The government is rightly concerned about terrorism, specifically CBRNE forms of terrorism. CBRNE stands for Chemical, Biological, Radiological, Nuclear, and Explosives...in other words, methods that are unexpected yet pretty much guaranteed to take out a lot of people and cause, well, terror.
While these forms of terrorism are always possibilities, they haven't been top of mind for me for over a decade. Until last night. The news came on in the afternoon about the police dealing with a hazmat situation which required the neighbors in the area to shelter in place. Most hazmat situations are resolved within a few hours. When this situation was still ongoing 12 hours later I figured "hazmat" was more like "ebola" or something equally not good. Turns out the problem was ricin which is, well, not good either.
CBRNE forms of terrorism have been used with varying degrees of "success" over the years. The sarin gas attack in Japan killed 12 people (chemical), the Rajneeshee food poisoning attack back in the 1980s sickened 750 people (biological), Alexander Litvinenko was poisoned with polonium a decade ago and "dirty bombs" are always a concern (radiological), fortunately nuclear attacks remain a possibility but haven't been used in terror attacks--yet--and there have been numerous examples of explosives used for terror purposes including the Oklahoma City bombing and the Boston Marathon bombing.
These sorts of attacks are sudden and unexpected and can happen quickly such as a bombing incident or a gas attack when people immediately start dropping or they can take place yet people won't know they have been attacked until later like in the case of Litvinenko feeling ill and it taking a while to figure out how he had been poisoned and what he had been poisoned with.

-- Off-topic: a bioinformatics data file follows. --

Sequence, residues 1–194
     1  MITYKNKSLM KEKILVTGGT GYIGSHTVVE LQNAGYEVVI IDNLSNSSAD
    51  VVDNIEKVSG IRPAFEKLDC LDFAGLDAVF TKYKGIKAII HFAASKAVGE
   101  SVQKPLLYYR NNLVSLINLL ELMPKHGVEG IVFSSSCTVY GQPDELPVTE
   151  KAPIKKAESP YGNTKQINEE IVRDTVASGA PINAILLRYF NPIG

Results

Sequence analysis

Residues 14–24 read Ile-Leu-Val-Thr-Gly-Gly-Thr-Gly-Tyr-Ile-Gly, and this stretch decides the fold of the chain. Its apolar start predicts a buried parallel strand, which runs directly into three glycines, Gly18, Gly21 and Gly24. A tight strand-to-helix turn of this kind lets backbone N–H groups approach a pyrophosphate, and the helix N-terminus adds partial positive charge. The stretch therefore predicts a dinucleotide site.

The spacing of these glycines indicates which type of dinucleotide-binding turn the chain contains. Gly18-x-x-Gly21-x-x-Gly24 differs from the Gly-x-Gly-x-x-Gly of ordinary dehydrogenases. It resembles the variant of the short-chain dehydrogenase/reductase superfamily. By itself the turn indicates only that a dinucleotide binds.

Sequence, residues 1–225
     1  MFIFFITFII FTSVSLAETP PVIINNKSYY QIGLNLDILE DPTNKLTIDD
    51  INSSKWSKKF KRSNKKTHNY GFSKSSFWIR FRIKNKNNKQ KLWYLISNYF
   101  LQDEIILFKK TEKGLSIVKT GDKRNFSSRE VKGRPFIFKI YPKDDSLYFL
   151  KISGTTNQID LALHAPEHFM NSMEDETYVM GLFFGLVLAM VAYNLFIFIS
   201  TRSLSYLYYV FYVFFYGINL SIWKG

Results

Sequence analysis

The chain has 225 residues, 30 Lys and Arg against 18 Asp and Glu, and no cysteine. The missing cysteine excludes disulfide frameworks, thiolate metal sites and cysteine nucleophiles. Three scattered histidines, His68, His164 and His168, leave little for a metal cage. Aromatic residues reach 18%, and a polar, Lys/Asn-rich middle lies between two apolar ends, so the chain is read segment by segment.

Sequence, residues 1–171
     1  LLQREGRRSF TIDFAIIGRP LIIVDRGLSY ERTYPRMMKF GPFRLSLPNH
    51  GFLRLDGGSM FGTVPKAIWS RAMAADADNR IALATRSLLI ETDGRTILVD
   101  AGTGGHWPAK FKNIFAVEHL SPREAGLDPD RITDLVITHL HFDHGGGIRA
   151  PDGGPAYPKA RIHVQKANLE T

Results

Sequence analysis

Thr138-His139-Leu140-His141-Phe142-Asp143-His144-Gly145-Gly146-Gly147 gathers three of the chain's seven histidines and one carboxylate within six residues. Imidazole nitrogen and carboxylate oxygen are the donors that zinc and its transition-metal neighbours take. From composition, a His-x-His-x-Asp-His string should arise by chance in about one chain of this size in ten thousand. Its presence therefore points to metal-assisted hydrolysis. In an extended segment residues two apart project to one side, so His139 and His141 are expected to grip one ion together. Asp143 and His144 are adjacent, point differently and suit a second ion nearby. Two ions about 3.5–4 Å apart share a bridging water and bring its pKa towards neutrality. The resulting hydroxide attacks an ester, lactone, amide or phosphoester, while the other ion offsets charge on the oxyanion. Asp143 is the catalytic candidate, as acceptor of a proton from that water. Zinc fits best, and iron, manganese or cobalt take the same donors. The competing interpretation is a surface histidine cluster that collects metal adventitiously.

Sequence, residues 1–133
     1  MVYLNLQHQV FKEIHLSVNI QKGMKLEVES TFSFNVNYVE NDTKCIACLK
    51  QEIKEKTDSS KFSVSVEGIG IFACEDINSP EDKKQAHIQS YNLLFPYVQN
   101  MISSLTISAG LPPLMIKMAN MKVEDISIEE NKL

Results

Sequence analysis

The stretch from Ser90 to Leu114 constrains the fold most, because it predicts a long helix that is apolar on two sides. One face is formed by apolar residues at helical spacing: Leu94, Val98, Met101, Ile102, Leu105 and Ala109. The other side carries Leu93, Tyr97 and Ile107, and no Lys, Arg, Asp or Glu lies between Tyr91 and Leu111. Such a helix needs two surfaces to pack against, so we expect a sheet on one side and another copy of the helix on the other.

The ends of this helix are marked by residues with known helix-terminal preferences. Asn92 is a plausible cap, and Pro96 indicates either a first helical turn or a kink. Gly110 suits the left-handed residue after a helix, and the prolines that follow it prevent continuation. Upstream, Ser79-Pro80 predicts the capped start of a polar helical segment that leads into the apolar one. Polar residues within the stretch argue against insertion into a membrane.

Needless to say, the government is concerned about such attacks taking place because they can be hard to preempt, in some circumstances hard to detect immediately, and have the possibility of injuring and killing a lot of people. In addition, wide-spread terror impacts not only the people immediately involved but everyone in psychological, financial, and security terms.
Preparedness for CBRNE attacks mostly rests with the government. The government works with a variety of agencies (law enforcement, hospitals, etc) to fund programs for everything from radiological monitoring at large public events to syndromic surveillance programs for early detection of health indicators to training and preparedness for large scale disaster events.
As an individual, there is not a whole lot you can do to prevent such incidents except for being aware of your surroundings, reporting anything out of the ordinary so law enforcement can check it out, and using common sense (if you see someone "forgot" their Instapot in a public area don't pick it up--report it immediately and get away from it!). If you think you have been a victim of CBRNE terrorism (you are in an urban environment and a low flying plane sprays the area with chemicals, you are at a public event and become violently ill, etc), isolate yourself (in your vehicle, don't bring the contamination home to your family or walk into a hospital and possibly contaminate everyone there), then call 911 for instructions on what to do (they may send you to a decontamination location or send EMS to assist you). Finally, take photos and videos of suspicious people/things/events and take notes about unusual things (license plate number, time order of events, etc) to give to police to use in their investigation.